“Merry Christmas Mom! We love you! – from Mary and Jones”
Isn’t that a message that you warm around the heart? The moment you read it, you sense the tears of joy coming. In that moment of time, we can only be grateful for how lucky we are.
It suddenly occurs to us: hey; the holidays are not only about running around looking for presents, cooking, planning, decorating, and stressing out over every single detail. Oh, not to mention the endless cleaning in between all these activities.
Christmas is all about family. When did we stop feeling the joy? Those were my exact thoughts when a moment like this hit me last year. I was catching myself shouting several times throughout the day. My husband, the kids, my mom… everyone fell victim to my inability to handle the holiday anxiety. After this moment of bliss, I realized: I need to keep myself together. How did I do that? I started writing Christmas letters with my kids. Not cards. Letters. And, it was the perfect method that reminded me of all the good I had in my life.
The Stress. It’s There! How Do We Bring Ourselves Back to Balance?
I recently read the information that the average American spent 42 hours a year on holiday activities. My first thought was: “yeah, right; I bet they didn’t include women in the survey.” Ask a mom, and she’ll tell you: the process of planning, shopping, wrapping, and giving presents takes much longer than that. Plus, we have a house to decorate. Heck, we have a house to clean before and after we decorate! Add one or few kids running around that house and you’ll get my point: holidays are more stressful than joyful.
I couldn’t reduce the stress. I still needed to clean, decorate, shop, wrap, and return. However, I decided to add a bit more joy into the mix, so I would bring myself back to balance. And that, I did. With Christmas letters.
It wasn’t as easy as I thought it would be. It was a process, but the effort was totally worth it.
Step 1: Recognizing Stress
The stress over the holidays is so intense that it practically consumes us. We can’t even recognize the fact that we’re stressed, since we’re only doing what moms are supposed to be doing. Bad news: all that horror can bring us to a meltdown.
Have you ever locked yourself in the bathroom just to have 10 minutes to yourself on Christmas Eve. I know I have. And I kept convincing myself: “It’s okay, it’s okay, you can do this!” It wasn’t okay because I didn’t recognize the problem, so I couldn’t find a way to solve it. After the recognition, a solution follows.
Step 2: Templates
Hint: I still haven’t told my kids that Santa doesn’t exist. They haven’t asked. So it was easy to make them enthusiastic about writing a letter to Santa.
I found great free templates online, so I printed them out. I gave them coloring pencils and I thought they were ready to go. Except, they weren’t. They asked: “mommy, how do we write a letter?” Oh, that was the perfect opportunity for a personal challenge. I set down and I started writing a letter, too, but things were not going that well. I had a hard time to express all those emotions on paper.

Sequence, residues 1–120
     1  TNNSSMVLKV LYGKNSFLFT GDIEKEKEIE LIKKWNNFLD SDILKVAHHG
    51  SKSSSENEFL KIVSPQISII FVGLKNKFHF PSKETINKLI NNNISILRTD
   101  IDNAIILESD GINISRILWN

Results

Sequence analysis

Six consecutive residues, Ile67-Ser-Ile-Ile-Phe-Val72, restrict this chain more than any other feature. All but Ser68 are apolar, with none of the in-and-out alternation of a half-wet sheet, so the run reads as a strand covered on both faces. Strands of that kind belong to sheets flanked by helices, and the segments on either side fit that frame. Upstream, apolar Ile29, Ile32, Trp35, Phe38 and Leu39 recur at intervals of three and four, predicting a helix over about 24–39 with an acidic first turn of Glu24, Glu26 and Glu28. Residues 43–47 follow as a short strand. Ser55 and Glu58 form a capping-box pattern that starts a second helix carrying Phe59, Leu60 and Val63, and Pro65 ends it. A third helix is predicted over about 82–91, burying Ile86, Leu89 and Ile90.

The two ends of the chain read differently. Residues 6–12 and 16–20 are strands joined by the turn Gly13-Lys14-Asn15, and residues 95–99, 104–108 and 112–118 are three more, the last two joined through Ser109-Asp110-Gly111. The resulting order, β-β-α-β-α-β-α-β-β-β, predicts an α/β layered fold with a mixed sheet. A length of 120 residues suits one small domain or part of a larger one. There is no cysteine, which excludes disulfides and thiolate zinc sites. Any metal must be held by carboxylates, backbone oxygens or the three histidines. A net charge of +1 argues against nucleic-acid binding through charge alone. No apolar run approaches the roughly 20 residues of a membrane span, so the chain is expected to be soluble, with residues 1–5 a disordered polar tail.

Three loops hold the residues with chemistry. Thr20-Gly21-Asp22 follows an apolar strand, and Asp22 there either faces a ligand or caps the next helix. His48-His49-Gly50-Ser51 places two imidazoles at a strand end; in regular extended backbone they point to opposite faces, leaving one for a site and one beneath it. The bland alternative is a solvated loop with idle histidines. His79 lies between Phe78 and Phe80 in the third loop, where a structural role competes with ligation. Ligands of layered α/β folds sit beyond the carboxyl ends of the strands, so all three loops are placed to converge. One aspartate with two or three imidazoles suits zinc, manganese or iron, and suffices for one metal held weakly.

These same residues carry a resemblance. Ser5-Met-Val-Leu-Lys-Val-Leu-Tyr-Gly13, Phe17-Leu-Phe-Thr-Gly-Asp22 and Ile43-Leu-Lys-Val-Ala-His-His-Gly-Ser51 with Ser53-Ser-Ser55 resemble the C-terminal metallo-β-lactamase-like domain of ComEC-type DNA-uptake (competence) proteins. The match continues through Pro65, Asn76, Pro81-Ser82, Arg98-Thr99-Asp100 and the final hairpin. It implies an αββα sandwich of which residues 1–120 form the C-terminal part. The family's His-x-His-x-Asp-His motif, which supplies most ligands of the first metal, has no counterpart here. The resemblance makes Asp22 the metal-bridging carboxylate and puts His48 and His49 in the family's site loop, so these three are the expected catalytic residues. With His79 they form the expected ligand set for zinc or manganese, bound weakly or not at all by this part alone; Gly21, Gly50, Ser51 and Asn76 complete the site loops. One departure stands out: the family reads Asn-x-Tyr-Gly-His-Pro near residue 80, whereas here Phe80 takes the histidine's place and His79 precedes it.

Step 3: Writing the Letter
I found a great site: Australian Writings essay help. The method is simple: you place an order and you’re paired with a professional writer who works under your instructions. I asked for a personal essay with a Christmas letter theme. The writer returned a great piece that would make Santa cry.
After analyzing that essay, I made this plan:
-Why was last year special?
-What do I want for next year?
-How will I deserve it?
We get three goodies in one: recognition for the great things we experienced throughout the year that’s passing; goals and wishes; and a plan for being good to deserve accomplishment.
Once my kids had this outline and two samples (one from the writer and one from me), they were ready to write their own letters. And, let me tell you something: they were absolutely beautiful. I packed them and I mailed them to Santa. Okay okay, of course I didn’t mail them. I kept them and I’m gonna show them when they grow up.
Here’s the best part of Mary’s letter:
“Santa, last year was great because mom and dad were smiling all the time. This year I want my grandpa to come visit more often. And a little purse.”
Jones was more precise:
“I was a bit mad cause I didn’t get that truck last year. I was all good and I hope this year I’ll get it.”
Step 4: Santa Sends a Response
Let me tell you something: when your kids send a letter to Santa, they will demand a response. That’s the good part: you get to teach them a lesson. I wrote a letter that praised them for the good things they did.
I threw in something special: “But Jones, do you remember that time when you painted on the dog’s face? Marry, do you remember how you helped? That was not cool, kids?” They were thrilled! How does Santa know? “He knows everything,” – I said.
In the letter, Santa said that for all the good things they want to happen, they have to try. Trying means being good.
I found a beautiful book by J.R.R. Tolkien, called Letters from Father Christmas. I added it in the package with the letter, saying that Santa send it to tell them how things were on the North Pole. We red one letter per night, and we all went to sleep as happy as we could possibly be.
Where Did the Stress Go?
Somewhere along the writing and reading, the stress disappeared. I still took care of all those ‘responsibilities’. The house was clean, the presents were ready, and the meals were cooked. But, I got the holiday spirit back. I thought them a valuable lesson: they should be grateful for the things they have, and they should deserve the things they want. Plus, we all learned how to write.
This year, we’re doing the same.